By Laken Franchetti, Editor-in-Chief
Today, the English Department released a statement regarding the college administration’s decision to terminate the Gettysburg Review. The statement was distributed in the faculty and student digests.
The statement directly addressed President Bob Iuliano and Provost Jamila Bookwala. The English Department expressed their shock that Gettysburg Review Editor Mark Drew and Managing Editor Lauren Hohle were not consulted prior to the decision.
“We are particularly shocked that there was absolutely no conversation about this extreme action with either Mark Drew or Lauren Hohle, the editors of The Gettysburg Review, or the faculty of the English Department, let alone the larger campus community of faculty, staff, and students,” the statement read. “We fear this decision was made without important knowledge of the national literary landscape. While cost cutting might be understandable, this sort of autocratic mandate with no professional, disciplinary input is detrimental to the student experience far out of proportion to the savings garnered.”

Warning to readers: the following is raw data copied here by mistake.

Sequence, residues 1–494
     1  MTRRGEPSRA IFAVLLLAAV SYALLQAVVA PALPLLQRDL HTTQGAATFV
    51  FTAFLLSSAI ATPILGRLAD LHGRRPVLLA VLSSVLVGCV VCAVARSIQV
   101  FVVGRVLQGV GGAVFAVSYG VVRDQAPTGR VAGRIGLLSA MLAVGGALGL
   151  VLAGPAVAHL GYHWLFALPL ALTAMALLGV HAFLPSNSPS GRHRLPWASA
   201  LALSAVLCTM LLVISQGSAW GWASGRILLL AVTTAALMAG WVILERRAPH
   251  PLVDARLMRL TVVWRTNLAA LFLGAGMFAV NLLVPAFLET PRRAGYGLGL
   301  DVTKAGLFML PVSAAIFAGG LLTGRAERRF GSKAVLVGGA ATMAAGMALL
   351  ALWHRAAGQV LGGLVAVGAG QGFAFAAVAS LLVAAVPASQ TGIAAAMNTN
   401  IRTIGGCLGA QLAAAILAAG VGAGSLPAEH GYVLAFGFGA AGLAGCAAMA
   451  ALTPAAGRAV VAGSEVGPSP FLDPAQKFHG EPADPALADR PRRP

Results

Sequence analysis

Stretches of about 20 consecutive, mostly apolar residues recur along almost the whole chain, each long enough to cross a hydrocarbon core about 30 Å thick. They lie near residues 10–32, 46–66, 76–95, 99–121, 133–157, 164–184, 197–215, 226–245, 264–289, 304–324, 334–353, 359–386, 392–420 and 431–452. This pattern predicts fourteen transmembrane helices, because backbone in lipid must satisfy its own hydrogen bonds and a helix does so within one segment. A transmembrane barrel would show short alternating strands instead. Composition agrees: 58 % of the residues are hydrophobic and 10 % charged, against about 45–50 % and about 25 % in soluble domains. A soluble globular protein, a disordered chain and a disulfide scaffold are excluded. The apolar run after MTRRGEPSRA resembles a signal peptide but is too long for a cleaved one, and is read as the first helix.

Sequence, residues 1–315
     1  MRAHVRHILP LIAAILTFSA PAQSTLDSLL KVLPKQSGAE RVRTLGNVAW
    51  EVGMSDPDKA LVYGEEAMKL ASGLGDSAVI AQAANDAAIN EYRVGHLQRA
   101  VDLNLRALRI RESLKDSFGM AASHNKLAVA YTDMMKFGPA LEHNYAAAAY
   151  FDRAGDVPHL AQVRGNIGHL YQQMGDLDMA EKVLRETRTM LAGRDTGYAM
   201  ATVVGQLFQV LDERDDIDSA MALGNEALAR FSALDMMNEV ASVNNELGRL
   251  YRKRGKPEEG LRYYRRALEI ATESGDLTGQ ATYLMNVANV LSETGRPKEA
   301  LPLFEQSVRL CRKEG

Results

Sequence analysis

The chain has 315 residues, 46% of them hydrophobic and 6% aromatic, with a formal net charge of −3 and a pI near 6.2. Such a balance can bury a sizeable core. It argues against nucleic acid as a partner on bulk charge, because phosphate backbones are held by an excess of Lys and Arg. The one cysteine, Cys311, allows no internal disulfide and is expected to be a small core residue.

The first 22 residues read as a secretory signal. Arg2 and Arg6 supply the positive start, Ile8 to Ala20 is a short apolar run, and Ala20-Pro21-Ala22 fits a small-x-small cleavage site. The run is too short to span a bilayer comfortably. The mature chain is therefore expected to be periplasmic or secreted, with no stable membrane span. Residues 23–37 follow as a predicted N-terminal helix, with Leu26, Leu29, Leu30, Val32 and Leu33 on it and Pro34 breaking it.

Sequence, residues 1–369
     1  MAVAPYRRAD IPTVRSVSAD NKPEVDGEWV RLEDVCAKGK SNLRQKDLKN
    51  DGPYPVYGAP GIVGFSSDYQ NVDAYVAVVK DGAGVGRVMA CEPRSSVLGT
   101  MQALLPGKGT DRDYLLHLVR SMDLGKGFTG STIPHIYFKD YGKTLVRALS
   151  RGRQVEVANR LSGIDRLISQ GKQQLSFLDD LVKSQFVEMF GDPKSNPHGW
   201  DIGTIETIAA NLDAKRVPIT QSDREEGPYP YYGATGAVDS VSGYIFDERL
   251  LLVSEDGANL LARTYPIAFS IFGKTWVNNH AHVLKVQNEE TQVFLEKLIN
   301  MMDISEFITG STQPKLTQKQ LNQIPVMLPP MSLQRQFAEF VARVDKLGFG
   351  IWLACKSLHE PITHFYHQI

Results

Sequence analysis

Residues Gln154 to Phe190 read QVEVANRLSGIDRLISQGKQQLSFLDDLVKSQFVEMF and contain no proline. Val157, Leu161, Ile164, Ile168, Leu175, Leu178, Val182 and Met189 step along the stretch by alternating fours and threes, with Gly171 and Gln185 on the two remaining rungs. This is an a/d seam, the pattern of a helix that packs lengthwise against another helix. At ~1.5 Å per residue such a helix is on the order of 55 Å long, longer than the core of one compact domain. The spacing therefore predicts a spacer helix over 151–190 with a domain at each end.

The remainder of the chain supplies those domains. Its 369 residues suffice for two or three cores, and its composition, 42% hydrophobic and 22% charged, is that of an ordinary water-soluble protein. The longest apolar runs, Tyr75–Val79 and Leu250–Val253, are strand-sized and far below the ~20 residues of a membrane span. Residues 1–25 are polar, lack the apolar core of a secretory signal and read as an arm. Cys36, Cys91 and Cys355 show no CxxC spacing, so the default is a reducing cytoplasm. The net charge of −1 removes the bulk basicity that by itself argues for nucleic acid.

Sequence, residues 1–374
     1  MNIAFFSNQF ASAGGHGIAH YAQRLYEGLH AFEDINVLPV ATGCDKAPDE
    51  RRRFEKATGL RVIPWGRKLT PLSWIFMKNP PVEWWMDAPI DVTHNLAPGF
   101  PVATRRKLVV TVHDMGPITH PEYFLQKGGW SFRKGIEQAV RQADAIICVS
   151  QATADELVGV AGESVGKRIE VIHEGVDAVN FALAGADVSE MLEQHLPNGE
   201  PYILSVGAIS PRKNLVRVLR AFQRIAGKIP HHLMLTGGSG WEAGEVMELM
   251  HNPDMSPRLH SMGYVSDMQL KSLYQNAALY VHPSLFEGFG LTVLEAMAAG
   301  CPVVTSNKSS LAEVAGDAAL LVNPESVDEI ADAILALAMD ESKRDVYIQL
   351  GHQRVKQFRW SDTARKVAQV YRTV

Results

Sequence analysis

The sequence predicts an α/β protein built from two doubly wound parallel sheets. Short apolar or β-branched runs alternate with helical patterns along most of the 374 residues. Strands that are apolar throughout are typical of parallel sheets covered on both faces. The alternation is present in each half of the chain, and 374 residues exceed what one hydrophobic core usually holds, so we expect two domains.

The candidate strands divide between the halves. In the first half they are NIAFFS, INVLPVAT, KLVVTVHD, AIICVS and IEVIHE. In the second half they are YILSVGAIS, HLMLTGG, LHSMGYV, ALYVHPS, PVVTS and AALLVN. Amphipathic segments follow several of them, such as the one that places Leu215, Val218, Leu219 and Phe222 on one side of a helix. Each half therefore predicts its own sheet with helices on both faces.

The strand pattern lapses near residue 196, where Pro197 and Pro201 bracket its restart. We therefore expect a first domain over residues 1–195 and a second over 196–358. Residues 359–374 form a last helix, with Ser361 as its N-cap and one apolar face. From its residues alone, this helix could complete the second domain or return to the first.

The English Department stated that the Review is responsible for making Gettysburg College known to those in the literary arts.
“For thirty-five years, The Gettysburg Review has served nationally as the primary way people involved in the literary arts learn about and are attracted to Gettysburg College,” the statement said. “These people include the majority of the current faculty of the English Department, every single one of the twenty-three individuals who have served as the Emerging Writer Lecturer in the department, and numerous matriculating students interested in the literary arts at Gettysburg College.”
The English Department’s statement also recognized how the loss of the Review will impact student experience as the publication’s student internship opportunity has been terminated as well. The statement mentioned the loss of the teacher certification program as well.